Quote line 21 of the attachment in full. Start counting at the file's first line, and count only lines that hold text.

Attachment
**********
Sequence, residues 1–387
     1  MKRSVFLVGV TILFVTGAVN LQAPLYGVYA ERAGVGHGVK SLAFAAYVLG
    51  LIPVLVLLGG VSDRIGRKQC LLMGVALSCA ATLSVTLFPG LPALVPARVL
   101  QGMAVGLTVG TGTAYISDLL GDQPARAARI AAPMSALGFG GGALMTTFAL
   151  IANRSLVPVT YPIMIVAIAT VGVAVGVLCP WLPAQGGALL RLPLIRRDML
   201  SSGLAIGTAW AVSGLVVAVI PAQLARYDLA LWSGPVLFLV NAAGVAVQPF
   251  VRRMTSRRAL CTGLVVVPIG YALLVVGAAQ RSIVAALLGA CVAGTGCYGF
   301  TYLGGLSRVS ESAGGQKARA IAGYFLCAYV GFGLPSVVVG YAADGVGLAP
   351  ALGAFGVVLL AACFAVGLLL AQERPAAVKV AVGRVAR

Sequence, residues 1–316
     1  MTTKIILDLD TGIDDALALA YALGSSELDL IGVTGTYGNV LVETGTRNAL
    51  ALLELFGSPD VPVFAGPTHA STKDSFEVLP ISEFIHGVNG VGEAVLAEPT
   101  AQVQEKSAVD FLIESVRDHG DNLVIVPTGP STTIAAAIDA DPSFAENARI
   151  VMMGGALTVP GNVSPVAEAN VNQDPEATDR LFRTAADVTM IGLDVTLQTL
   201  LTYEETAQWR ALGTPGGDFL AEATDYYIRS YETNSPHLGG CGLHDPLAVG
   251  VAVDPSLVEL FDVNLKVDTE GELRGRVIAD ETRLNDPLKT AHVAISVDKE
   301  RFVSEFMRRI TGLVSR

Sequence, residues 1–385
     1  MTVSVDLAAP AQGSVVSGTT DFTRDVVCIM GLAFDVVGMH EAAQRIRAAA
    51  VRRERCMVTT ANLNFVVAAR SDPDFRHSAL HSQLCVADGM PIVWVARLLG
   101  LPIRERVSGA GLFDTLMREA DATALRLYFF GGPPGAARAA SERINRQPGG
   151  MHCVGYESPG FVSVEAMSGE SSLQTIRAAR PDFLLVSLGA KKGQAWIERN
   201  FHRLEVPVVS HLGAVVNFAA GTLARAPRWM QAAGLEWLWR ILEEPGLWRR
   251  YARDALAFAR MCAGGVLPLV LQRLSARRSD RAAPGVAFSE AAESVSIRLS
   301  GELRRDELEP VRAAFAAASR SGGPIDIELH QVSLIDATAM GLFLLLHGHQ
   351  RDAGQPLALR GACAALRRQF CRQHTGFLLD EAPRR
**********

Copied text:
   101  LPIRERVSGA GLFDTLMREA DATALRLYFF GGPPGAARAA SERINRQPGG